The true burden has nothing to do with antennae but stems from the decay of the world’s trading system. Perhaps a dozen countries might end up banning Huawei—Germany is sitting on the fence.

But it will still be used in much of the emerging world, hastening the splintering of the tech industry. Trade relies on common rules but Britain’s decision has been made amid a swirl of lobbying and threats. It is hard to elicit a principle behind it that can be usefully applied more broadly.

If the problem is gear made in China, then Ericsson and Nokia do that, too. If it is Chinese firms building systems which connect devices (in the case of 5G, robots and machines), then a similar logic could be applied across a digitising world economy. German cars and Apple phones sold in China are packed with software, data and sensors. Is China entitled to ban them, too?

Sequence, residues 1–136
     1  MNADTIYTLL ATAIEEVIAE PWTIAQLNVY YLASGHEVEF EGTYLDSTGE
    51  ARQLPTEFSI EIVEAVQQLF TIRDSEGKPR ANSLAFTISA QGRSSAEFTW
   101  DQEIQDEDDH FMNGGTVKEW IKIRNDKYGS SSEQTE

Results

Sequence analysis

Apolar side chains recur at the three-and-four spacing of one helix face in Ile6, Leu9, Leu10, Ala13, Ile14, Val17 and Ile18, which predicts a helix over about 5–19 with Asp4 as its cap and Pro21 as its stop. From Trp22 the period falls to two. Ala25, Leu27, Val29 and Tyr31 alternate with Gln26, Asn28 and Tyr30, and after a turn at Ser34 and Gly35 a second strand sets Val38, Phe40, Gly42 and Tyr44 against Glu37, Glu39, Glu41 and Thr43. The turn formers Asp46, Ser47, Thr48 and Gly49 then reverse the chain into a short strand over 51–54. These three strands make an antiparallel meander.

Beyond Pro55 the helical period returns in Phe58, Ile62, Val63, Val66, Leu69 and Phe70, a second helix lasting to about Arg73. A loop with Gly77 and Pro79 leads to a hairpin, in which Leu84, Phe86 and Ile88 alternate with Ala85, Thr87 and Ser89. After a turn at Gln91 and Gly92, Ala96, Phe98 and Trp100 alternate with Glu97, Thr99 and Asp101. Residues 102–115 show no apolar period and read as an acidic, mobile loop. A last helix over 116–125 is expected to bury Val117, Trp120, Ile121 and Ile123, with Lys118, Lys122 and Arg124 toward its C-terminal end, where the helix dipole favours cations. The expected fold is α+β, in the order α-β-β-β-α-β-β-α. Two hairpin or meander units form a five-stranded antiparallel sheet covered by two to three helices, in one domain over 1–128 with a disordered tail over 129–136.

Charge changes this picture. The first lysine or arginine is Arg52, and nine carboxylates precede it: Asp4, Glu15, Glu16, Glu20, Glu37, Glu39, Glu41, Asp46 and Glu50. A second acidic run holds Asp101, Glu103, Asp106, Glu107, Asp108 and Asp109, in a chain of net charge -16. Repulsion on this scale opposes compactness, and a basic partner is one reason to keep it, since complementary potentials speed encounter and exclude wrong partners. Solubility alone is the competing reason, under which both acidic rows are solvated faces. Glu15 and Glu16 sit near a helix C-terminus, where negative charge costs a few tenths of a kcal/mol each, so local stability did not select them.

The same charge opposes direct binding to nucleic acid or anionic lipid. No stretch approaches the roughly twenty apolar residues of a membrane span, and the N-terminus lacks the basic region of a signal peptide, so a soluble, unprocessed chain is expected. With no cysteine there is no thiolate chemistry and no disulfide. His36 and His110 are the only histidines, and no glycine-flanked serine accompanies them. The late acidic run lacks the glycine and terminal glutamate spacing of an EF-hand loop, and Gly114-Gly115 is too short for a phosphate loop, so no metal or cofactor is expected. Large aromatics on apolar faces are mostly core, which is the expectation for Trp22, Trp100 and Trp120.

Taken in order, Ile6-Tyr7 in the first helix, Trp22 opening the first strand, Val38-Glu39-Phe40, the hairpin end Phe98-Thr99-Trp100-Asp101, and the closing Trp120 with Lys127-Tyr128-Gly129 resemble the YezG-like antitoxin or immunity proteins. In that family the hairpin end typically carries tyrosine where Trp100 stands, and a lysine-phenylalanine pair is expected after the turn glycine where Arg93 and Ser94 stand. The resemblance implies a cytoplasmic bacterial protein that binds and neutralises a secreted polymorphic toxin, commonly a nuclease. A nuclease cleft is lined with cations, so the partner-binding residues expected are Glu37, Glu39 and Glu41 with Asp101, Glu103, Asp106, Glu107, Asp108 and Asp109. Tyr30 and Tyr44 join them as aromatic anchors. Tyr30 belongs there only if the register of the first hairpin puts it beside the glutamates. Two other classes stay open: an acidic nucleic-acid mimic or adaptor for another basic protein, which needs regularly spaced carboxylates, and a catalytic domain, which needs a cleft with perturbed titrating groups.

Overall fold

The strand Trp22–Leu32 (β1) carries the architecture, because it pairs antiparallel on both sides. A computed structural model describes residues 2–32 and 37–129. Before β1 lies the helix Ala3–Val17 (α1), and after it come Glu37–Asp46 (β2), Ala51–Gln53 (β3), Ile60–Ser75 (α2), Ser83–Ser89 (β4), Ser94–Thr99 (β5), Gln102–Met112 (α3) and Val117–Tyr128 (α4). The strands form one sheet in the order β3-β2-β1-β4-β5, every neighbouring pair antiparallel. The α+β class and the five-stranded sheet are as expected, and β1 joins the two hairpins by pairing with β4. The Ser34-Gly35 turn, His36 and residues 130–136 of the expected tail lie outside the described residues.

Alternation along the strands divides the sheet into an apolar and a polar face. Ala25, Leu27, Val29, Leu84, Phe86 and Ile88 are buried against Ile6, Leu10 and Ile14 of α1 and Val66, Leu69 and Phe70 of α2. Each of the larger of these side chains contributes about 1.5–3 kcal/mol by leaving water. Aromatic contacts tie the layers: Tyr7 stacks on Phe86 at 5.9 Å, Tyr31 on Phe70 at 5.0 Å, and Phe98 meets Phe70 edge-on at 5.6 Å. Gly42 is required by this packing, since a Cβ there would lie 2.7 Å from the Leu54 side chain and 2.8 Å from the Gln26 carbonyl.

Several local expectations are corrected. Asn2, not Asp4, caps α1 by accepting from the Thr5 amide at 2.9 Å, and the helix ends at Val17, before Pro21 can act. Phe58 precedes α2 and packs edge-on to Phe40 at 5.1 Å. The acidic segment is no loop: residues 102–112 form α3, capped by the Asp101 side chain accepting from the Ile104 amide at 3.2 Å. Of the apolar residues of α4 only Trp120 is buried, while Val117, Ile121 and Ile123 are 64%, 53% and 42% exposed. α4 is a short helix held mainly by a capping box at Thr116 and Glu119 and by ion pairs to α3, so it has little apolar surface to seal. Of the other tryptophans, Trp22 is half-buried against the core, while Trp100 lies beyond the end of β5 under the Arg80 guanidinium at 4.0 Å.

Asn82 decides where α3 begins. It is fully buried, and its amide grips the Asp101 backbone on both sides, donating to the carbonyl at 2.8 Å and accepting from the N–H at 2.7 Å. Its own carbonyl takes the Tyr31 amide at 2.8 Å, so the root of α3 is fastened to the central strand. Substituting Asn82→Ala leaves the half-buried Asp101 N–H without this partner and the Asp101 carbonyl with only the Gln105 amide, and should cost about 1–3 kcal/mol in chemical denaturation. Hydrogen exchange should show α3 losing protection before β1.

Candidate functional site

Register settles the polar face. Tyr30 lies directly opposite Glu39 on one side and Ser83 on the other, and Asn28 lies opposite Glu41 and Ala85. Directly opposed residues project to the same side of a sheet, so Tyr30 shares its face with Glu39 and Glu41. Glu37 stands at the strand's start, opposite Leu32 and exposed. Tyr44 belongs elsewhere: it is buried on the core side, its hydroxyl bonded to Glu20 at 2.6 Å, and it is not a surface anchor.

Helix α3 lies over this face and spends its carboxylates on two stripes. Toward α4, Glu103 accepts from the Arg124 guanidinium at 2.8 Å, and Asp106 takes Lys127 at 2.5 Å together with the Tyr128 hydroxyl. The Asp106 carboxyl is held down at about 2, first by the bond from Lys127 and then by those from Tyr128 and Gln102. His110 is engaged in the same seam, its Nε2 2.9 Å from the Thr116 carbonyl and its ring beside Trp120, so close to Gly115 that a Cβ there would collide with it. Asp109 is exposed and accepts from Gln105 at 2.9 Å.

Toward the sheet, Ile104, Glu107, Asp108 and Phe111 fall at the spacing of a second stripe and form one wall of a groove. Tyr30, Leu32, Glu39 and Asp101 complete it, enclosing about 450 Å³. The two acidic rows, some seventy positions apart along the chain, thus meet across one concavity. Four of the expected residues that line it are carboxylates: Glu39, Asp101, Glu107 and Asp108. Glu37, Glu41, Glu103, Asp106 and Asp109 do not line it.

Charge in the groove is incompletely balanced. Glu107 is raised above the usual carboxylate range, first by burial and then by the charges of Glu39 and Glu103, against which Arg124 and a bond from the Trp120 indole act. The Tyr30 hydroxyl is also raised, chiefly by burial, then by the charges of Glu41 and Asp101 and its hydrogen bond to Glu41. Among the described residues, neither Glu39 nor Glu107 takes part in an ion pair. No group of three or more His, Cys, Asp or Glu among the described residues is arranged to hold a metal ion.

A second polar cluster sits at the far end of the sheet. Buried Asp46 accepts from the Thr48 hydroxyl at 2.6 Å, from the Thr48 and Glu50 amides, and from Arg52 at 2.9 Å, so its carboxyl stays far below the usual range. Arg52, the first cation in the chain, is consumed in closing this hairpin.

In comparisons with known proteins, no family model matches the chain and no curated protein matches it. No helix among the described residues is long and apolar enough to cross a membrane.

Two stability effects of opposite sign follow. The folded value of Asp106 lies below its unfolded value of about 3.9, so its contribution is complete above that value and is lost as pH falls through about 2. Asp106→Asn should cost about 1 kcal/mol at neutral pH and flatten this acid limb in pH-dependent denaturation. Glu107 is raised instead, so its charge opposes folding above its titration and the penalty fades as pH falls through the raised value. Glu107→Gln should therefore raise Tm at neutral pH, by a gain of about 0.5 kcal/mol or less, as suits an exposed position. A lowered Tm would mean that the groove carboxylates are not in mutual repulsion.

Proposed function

This feeds a spiralling sense of lawlessness. The average tariff on Sino-American trade is 20%. Direct investment flows from China to Europe have dropped by 69% from the peak in 2016, according to Rhodium, a research firm. Other firms are caught in the crossfire. TikTok faces a ban in India and, perhaps, America.

China plans to impose sanctions on Lockheed Martin for selling arms to Taiwan. Now that President Donald Trump has ended Hong Kong’s special status, HSBC, a bank with huge interests there, could be subject to punishment by both China and America. Some Chinese lenders may be banned from dealing in dollars.

The logic of the Huawei ban is one of disengagement and containment. But this will not work if it is applied across the entire economic relationship. The West’s last great authoritarian rival, the Soviet Union, was a trade minnow. China accounts for 13% of world exports and 18% of world market capitalisation, and is the dominant economic force in Asia.

Instead a new trade regime is needed that acknowledges China’s nature. That is not easy. The World Trade Organisation (WTO), which aims to set universal rules, has failed to evolve with the digital economy.